update feb/10_ seems like since the TimeOut review the prices have gone a bit up... Also the menu is a mere selection compared to the take away one(??) hmm hmm
Reserve your table at Zengi Book a table
City of London, London
44 Commercial Street, London E1 6LT
- Aldgate East Station (0.2 km)
- Aldgate Station (0.3 km)
- Liverpool Street Station (0.7 km)
- Contact us:
020 7266 0700
- Opening hours:
Mon - Sun: 10:00 - 0:00
6 reviews of Zengi in English
Absolute Gem!!! I went to Zengi yesterday, a stones throw away from Aldgate East and Whitechapel, and loved everything about this place. This restaurant is quite small, spread over two floors- a small ground floor occupied mostly by the open kitchen and an intimate downstairs. The staff were extremely friendly, happy to chat away with me in arabic and explain all to my companion in English.
All that aside, the food was delicious! A fusion of Lebanese, Syrian, Iraqi and Turkish cuisine- everything we had was cooked to perfection. We had the Babaghanoush with fresh stone baked bread, Boreg, Shish Tawouk and the Arbil Kofta Shish. I ate to the point where I could no longer move, then to top it off, a mint tea and strawberry and mint sheesha- well a girl needs to digest her food!
If you want the fancy lebanese restaurants of Mayfair, then this may not hit the spot, but if you want good Arabic/ Turkish food- really good, then this is the one.
One of the best restaurants I have been to- yes I said it, one of the best! The best bit? I didn’t expect it to be so good!
Me and my friends went here on a Saturday and had a great time. We ordered a selection of mezze's. The foul meddemas was especially good. For mains most us ordered a selection of grilled meats (the mixed grill is good value), although one person ventured fom the herd and ordered a vegeterian main "bahmia" which was an tamato and okra based dish which was flavoursome. We found the service pretty good, especially the warm fresh bread that we got pretty much as soon as we sat down!
Complete disaster, went there as a party of 27 (prebooked) for a birthday celebration. After 1 hrour 30 minutes (with not so much as a bread roll) we all walked out. Drinks, incluiding water had to be requested multiple times, one small table that was served found all bread to be frozen inside, burnt out. These people have NO idea how to run a restaurant.
A restaurant to wind down, chill out with your friends/date and enjoy the food. The place is split over two floors (ground and downstairs), serving Turkish/middle eastern food, Efes beer and great atmosphere. The variety of tables give you a good choice whether you want to grab a quick meal and sit by the table or spend an evening on cushions Turkish style. They also have secluded ones under arches for 6 for intimate dinning.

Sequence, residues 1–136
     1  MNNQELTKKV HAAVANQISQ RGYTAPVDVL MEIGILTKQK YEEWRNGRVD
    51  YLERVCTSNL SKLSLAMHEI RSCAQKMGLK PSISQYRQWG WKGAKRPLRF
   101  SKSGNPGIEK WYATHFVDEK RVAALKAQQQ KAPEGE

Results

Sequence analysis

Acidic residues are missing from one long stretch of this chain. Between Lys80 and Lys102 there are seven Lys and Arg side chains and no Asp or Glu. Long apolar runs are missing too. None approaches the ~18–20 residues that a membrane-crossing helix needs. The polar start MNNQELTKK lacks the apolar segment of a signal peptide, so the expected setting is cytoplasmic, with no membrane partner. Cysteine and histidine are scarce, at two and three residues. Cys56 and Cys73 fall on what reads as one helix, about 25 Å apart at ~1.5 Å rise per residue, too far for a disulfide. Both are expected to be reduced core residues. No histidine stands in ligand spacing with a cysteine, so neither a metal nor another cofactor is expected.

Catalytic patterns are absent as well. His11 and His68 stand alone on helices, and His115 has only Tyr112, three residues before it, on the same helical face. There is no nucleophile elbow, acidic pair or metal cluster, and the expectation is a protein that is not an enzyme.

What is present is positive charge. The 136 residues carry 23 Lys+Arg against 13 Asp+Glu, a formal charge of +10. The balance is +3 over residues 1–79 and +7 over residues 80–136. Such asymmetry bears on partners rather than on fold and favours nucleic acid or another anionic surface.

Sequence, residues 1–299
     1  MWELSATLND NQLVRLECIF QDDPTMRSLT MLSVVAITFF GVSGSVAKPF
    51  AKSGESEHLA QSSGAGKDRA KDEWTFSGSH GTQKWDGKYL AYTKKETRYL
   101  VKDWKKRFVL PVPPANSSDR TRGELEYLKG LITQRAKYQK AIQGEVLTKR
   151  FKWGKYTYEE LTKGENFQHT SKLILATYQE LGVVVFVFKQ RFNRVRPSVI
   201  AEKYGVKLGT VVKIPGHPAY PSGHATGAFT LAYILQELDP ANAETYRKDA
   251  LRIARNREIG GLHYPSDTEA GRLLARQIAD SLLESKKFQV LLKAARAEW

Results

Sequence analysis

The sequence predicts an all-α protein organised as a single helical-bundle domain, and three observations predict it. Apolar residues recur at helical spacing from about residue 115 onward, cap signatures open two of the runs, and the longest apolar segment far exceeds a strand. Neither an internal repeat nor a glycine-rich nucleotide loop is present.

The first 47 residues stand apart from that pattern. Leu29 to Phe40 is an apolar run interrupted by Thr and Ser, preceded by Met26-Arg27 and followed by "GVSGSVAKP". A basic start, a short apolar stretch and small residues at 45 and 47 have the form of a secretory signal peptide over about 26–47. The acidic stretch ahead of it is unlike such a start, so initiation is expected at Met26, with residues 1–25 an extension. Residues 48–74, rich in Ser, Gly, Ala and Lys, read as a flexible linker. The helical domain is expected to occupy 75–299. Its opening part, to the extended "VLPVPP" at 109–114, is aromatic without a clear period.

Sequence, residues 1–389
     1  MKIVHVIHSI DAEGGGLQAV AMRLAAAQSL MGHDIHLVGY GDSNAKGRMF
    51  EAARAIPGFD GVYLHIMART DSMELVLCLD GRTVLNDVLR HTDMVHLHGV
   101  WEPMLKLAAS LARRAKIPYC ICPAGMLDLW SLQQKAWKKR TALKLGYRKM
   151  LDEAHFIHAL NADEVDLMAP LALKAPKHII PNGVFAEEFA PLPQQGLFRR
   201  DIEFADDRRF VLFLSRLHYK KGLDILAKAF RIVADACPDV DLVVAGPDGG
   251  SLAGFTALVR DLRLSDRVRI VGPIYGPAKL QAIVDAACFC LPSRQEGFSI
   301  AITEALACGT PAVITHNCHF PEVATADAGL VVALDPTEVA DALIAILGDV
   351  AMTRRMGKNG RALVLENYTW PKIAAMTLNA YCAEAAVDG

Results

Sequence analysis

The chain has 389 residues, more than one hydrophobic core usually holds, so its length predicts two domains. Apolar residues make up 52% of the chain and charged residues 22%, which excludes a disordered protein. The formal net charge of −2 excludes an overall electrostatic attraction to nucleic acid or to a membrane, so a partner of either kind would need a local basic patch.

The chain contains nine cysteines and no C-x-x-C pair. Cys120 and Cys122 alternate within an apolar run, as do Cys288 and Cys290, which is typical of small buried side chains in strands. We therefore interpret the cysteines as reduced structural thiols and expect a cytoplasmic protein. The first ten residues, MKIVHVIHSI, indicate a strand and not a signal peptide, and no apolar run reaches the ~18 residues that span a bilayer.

Appart from the lovely staff the main character to look out for is the very cute chef who tends to run around and fill up your basked with freshly stone-baked bread or just drops a random side dish on your table (free of charge!)
I asked the chef to serve us a selection of hot and cold mezze and what a lovely feast that was. The bill came up to £30 for 4 beers and vast amount of food... what more can you ask for!
Comment 1 comment on this review
Bashi K., 8 February 2010:
Zengi - Pics @ The London Foodie
After reading rave reviews by Time Out a couple of weeks ago, Dr G and I decided to visit this newly opened Turkish/Iraq restaurant on Commercial Street, E1. I normally go to Green Lanes, particularly “Antepliler” for my fix of Turkish food, but we were curious to try a local BYO place with some interesting Iraq dishes on their menu.
The entrance is not the most attractive part of this new restaurant, and I firstly wondered where we would be sitting as there is little sitting area at that level. The basement is where Ali, the owner’s son, brought us to, and we were pleased to find a warm and comfortable dining area there.
The décor is simple but elegant, with white, arched alcoves furnished with colourful cushions & hanging lanterns creating a relaxed and private ambience. I don’t normally like eating at lower ground (unless it is Hakkasan) but was pleasantly surprised to find such a well furnished and cosy spot.
Ali was very attentive, and took great care and time explaining the various dishes on the menu to us. Soon after placing our order, he brought us a basket with freshly stone-baked bread which was hot and delicious.
The first of the three mezze dishes that we ordered to arrive was “Mutabel” @ £3.50, an aubergine based dip with yoghurt, garlic and tahini. Despite the somewhat unappetising look of the dish, it tasted good and had a creamy and nutty finish from the tahini.
The second mezze was “Soudah” @ £4, a plate of fried chicken livers with onions, chopped peppers and coriander. I could also taste cinnamon and cayenne pepper in the spicy sauce although not much else. Despite loving chicken livers, I felt that this dish was a bit disappointing, good but not outstanding, and a tad dry.